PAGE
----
Ukraine seeks ‘new war’ by calling Russia aggressor: Kremlin

January 18, 2018 1:34 am
Ukrainian gunners fire from the artillery guns during a military drill on the shooting range not far from the small city of Divychky, some 80 kilometers from the capital Kiev, on October 26, 2017. (Photo by AFP)
has accused of preparing for a new war after Ukrainian legislators described the conflict with pro-Moscow forces in the east of the country as a “temporary Russian occupation.”
Earlier on Thursday, Ukrainian lawmakers adopted a bill to restore “sovereignty over the Donetsk and Lugansk regions,” reiterating that Kiev needed to do its utmost to “re-integrate” those flashpoint regions even if it was a matter of using military force.
“You cannot call this anything but preparation for a new war,” the Russian Foreign Ministry said in a statement on Thursday, warning that the provocative move “risked a dangerous escalation in Ukraine with unpredictable consequences for world peace and security.”
The newly-adopted bill calls Russia an “aggressor” and defines the self-proclaimed republics of Lugansk and Donetsk as “occupying administrations.”
The statement went on to say that the bill showed Kiev’s bid to shirk its responsibility for the destruction inflicted on eastern Ukraine and the suffering of the people brought by the Kiev-launched military offensives. It also accused the Ukrainian government of seeking a way to shift the blame to Russia.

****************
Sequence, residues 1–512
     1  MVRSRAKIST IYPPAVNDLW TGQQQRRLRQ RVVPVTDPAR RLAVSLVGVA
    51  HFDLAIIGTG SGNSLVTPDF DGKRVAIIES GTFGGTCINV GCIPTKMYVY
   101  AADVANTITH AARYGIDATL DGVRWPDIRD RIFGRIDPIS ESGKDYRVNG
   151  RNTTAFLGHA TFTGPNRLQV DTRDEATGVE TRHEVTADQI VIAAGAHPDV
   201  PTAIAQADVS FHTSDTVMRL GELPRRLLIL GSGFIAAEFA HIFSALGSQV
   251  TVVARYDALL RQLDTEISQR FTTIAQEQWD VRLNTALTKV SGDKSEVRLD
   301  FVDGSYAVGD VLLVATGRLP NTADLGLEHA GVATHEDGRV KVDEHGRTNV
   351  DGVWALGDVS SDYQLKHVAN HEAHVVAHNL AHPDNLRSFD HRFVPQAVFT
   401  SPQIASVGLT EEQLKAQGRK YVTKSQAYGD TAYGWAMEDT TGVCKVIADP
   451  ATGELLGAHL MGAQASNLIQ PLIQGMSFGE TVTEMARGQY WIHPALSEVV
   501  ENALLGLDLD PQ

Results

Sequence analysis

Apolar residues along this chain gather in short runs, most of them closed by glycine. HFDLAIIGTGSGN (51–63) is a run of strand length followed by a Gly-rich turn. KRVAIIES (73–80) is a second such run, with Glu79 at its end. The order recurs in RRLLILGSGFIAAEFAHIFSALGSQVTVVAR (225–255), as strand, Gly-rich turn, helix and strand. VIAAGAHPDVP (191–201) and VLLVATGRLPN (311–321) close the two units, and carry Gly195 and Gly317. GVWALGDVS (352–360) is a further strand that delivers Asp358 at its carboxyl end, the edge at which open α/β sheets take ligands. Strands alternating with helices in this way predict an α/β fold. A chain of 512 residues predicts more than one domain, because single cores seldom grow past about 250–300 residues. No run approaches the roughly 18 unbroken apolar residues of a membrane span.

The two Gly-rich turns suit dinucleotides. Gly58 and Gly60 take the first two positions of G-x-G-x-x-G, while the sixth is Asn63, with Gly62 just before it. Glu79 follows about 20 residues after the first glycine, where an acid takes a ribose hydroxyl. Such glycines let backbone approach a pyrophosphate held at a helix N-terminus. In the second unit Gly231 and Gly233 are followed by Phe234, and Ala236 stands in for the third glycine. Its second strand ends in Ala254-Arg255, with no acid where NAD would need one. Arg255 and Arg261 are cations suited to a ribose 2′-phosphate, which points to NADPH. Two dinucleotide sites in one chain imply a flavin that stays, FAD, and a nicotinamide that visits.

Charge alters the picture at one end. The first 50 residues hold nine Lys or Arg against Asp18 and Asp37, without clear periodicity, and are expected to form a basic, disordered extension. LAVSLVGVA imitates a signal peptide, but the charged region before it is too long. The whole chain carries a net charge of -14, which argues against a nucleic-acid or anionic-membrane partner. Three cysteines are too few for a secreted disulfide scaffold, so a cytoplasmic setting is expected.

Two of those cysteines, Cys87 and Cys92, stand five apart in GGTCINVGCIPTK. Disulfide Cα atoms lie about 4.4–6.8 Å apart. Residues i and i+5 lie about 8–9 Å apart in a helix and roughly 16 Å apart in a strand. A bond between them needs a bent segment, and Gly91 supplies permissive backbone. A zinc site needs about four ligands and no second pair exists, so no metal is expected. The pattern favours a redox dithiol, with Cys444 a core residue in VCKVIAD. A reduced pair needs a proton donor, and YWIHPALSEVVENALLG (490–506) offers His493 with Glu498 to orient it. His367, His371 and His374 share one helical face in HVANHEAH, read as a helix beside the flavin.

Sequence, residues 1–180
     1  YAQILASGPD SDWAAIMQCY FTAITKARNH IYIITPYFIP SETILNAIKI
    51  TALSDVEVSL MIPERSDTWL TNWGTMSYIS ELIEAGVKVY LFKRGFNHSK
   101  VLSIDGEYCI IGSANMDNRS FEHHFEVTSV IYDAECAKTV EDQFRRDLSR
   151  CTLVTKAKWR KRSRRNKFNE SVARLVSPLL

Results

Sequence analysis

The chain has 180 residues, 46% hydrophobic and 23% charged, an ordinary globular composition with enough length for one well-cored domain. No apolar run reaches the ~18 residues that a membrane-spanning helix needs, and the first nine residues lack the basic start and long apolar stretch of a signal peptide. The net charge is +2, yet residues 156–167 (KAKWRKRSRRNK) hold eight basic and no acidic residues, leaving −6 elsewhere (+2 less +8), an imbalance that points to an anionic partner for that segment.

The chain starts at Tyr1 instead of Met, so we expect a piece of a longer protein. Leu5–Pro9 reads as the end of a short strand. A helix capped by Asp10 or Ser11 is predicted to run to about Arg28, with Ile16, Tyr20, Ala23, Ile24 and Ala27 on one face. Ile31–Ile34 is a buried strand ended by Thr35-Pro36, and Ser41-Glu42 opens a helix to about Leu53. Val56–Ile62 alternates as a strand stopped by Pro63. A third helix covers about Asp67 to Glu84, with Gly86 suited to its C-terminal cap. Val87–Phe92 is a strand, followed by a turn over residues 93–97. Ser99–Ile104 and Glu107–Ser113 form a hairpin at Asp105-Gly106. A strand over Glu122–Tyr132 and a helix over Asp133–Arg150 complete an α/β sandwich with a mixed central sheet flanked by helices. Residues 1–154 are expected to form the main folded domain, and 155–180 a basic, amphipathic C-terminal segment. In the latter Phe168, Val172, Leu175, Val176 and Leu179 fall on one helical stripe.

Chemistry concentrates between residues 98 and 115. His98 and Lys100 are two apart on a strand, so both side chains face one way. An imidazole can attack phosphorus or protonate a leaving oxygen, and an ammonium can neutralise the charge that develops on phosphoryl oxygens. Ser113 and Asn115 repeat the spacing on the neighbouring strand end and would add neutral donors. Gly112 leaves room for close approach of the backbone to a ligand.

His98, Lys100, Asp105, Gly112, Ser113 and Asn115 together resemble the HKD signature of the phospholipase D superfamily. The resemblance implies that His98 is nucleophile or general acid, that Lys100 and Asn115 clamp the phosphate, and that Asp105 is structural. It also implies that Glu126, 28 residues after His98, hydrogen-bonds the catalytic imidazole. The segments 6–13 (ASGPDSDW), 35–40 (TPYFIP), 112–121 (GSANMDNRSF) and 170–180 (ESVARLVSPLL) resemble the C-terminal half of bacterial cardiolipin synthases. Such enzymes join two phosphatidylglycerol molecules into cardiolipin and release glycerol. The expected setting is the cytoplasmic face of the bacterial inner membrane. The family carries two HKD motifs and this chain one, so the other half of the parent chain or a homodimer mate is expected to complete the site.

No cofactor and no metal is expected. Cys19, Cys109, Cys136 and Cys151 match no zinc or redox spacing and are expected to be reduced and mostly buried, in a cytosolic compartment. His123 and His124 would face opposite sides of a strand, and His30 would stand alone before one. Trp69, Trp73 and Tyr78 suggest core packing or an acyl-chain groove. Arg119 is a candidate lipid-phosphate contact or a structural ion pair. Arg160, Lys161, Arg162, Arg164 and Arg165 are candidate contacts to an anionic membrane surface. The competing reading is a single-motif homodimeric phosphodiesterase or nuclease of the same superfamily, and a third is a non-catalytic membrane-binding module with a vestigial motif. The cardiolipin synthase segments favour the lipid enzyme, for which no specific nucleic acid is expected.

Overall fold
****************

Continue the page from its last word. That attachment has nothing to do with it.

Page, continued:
The bill would not only violate the Minsk agreements but it would also tear down the whole international mechanism of the Ukrainian conflict resolution, including the Normandy Four format, the statement added.
Normandy format is a diplomatic group of the four countries of France, Germany, Russia and Ukraine, which was created in June 2014 to resolve the Ukrainian conflict.
According to the new legislation, Kiev would be able to charge all people currently working in the administrations of the self-proclaimed republics with criminal offenses. Furthermore, Ukrainian president would be allowed to send troops for the sake of “ensuring [Ukraine’s] sovereignty” to certain territories without declaring a war or a state of martial law.
The armed conflict erupted in Ukraine following the overthrow of pro-Russian president Viktor Yanukovych in February 2014 and intensified after people in the Black Sea peninsula of Crimea voted for reunification with the Russian Federation in a referendum in March 2014. The West brands the reunification as annexation of the territory by Russia.
The pro-Russians have turned the two regions of Donetsk and Lugansk in the east — collectively known as the Donbass — into self-proclaimed republics.
Armed confrontation between the pro-Russia forces and the Ukrainian military has killed more than 10,000 people, according to the United Nations.
In September 2014, the government in Kiev and the pro-Russia forces signed a ceasefire agreement in the Belarusian capital city of Minsk in a bid to halt the fighting in Ukraine’s eastern regions.
The warring sides also inked another truce deal, dubbed Minsk II, in February 2015 under the supervision of Russia, Germany, and France.
Since then, however, sporadic fighting has occurred, with the parties blaming each other for initiating the violations.
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